The government hopes the pilot will serve as the foundation for a wider, federated approach to identity management for government services. Procurement documents characterize the goal as having a single "broker" to validate disparate identity credentials across a wide range of federal agencies. Federal CIO Steve VanRoekel set a requirement in October 2011 that within three years from that date, federal agencies would be able to accept third-party credentials to facilitate access to online government services.
The federated identity effort, known as the Federal Cloud Credential Exchange, is just one piece of a broader Obama administration online identity initiative: the National Strategy for Trusted Identities in Cyberspace (NSTIC), which aims to catalyze private sector-led development of a secure, digital "identity ecosystem" to better protect identities online.
[ The FedRAMP program aims to make it easier for government agencies to adopt cloud services. Read about it at Feds Issue First Cloud Services Security Authorization. ]
NSTIC calls on the government to be an early adopter of technologies that may become a part of the identity ecosystem. A few agencies, such as the National Institutes of Health, have tested third-party credentialing, but by and large, federal agencies have been slow to adopt these technologies. Technical, policy and cost barriers, according to procurement documents for the Postal Service pilot, have held up agencies from offering many transactional services to the American public, such as applying for benefits, transacting business at agency Websites, downloading healthcare data and filing taxes.
These challenges have recently begun to be ironed out via a set of standards and requirements drawn up by a group of agencies that have large numbers of citizens accessing their services online. The Post Office's Digital Solutions Group will pilot these ironed-out federated credentialing requirements with some help from the General Services Administration and a third-party provider or providers of software-as-a-service-based credentialing exchange.
The Postal Service pilot has a long list of requirements as to how authentication should work, how privacy should be handled, audit and reporting requirements, compliance with federal law and standards, availability and scalability. FCCX will most likely not store personally identifiable information and will not have any visibility into any such data, but rather will rely on and support a number of third-party credentialing systems and protocols like SAML and OpenID.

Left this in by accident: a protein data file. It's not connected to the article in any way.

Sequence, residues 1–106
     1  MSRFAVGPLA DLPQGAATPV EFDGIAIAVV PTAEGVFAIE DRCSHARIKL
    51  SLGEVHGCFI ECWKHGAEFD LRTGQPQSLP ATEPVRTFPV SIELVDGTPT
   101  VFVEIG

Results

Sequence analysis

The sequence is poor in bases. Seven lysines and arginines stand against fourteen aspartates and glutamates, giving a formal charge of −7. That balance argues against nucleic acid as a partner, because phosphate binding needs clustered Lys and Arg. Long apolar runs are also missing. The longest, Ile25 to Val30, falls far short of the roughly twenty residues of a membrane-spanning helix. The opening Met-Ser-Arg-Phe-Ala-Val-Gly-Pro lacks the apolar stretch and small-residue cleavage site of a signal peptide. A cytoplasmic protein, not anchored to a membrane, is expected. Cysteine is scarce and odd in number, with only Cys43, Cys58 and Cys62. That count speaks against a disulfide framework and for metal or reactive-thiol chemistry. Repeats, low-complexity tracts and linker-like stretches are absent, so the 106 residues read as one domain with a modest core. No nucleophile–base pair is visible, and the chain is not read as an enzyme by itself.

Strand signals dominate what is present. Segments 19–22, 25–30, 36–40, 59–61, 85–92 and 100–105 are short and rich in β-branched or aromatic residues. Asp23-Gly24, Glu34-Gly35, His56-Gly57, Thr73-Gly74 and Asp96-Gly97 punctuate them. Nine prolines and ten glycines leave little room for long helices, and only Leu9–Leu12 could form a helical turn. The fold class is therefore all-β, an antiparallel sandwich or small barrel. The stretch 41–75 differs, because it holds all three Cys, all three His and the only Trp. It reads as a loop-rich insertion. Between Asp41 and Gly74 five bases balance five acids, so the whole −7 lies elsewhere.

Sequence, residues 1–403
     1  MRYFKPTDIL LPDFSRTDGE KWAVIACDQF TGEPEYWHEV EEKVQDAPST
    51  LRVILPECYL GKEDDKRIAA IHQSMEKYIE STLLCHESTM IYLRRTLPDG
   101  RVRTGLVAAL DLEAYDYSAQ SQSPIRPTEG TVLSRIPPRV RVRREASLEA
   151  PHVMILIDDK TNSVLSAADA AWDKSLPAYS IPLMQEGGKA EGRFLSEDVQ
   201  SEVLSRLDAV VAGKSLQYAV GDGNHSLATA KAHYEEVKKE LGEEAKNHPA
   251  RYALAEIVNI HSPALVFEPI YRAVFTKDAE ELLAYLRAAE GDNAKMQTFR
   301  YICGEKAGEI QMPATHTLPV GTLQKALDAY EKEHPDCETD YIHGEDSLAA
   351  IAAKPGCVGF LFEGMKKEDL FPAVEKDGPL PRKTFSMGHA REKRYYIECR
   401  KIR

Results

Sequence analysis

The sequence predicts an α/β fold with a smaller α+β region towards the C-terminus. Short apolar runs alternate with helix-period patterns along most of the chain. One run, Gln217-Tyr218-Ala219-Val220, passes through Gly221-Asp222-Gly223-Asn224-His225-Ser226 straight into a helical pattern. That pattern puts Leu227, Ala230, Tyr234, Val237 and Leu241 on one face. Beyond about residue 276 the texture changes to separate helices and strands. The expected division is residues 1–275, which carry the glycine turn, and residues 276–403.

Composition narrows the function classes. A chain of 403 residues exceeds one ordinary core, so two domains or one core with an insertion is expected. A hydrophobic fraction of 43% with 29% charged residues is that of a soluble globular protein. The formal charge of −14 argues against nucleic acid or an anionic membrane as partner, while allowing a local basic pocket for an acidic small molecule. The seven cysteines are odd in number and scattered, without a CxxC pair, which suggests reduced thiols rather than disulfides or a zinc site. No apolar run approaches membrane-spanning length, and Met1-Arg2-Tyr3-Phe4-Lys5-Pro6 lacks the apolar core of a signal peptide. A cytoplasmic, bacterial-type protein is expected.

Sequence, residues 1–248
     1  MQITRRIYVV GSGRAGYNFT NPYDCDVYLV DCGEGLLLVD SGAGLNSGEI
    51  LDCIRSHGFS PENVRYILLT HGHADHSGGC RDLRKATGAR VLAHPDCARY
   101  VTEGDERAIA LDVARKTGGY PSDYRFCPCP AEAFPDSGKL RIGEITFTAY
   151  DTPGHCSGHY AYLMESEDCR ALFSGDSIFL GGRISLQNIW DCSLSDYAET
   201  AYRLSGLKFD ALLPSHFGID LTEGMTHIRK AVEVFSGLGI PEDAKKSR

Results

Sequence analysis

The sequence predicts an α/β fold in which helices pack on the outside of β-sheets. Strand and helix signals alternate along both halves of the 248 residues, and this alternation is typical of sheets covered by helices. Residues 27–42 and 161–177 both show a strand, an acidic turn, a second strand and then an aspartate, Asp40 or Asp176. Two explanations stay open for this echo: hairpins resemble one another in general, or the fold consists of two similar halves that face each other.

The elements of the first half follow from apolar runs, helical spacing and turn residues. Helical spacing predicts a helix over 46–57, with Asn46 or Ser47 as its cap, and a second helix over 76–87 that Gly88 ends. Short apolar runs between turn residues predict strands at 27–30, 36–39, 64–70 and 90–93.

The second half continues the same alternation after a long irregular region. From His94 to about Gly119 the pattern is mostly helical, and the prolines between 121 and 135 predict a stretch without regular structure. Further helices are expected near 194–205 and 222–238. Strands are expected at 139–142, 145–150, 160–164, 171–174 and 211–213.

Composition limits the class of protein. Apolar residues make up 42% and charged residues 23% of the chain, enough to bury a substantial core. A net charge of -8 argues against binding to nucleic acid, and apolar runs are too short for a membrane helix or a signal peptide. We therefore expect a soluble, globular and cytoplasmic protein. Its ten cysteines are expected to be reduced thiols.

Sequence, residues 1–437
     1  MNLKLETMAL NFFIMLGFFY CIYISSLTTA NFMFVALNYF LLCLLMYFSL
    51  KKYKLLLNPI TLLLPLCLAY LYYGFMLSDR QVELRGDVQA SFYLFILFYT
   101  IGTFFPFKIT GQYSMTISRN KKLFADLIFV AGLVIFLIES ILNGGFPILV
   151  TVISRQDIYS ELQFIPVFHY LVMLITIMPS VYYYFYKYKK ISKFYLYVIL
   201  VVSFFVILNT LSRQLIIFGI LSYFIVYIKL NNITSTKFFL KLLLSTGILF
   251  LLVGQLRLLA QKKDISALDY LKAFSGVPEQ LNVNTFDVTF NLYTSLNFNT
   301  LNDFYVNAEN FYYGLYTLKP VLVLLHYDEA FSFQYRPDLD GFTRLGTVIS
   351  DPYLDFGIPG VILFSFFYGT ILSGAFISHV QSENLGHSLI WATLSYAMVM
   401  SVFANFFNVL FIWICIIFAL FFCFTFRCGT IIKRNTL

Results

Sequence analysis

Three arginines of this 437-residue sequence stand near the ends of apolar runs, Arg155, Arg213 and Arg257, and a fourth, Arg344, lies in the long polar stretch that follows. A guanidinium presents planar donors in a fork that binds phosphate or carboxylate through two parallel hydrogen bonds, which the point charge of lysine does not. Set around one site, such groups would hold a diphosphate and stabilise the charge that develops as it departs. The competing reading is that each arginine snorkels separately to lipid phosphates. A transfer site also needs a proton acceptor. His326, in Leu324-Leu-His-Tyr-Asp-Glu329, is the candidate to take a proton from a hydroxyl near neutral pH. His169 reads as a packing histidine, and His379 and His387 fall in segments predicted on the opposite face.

The one-year pilot will need to scale to support large numbers of users. It must be capable of supporting 135 million customers and as many as one million transactions hourly, according to procurement documents. The Postal Service has been eyeing more advanced digital authentication capabilities for some time.
Among the vendors already expressing interest in the pilot project are Symantec, McAfee, Amazon Web Services, Akamai, hybrid cloud authentication vendor Xceedium and a number of government contractors.
The Postal Service pilot is but one of several different pilots that are part of NSTIC. There are also three cryptography pilots and two non-cryptographic privacy pilots in the works. Each of those pilots is being carried out by multiple private sector organizations ranging from the Virginia Department of Motor Vehicles to AOL to AARP to Aetna.
Federal guidelines call for a move to virtualized environments, yet little funding exists to make that happen. Without a mandate, it may take decades to finish the job. Also in the new, all-digital Server Virtualization issue of InformationWeek Government IT Trends: Our survey shows no progress in using shared clouds within federal government, but there's growing interest in using commercial cloud services and running private clouds. (Free registration required.)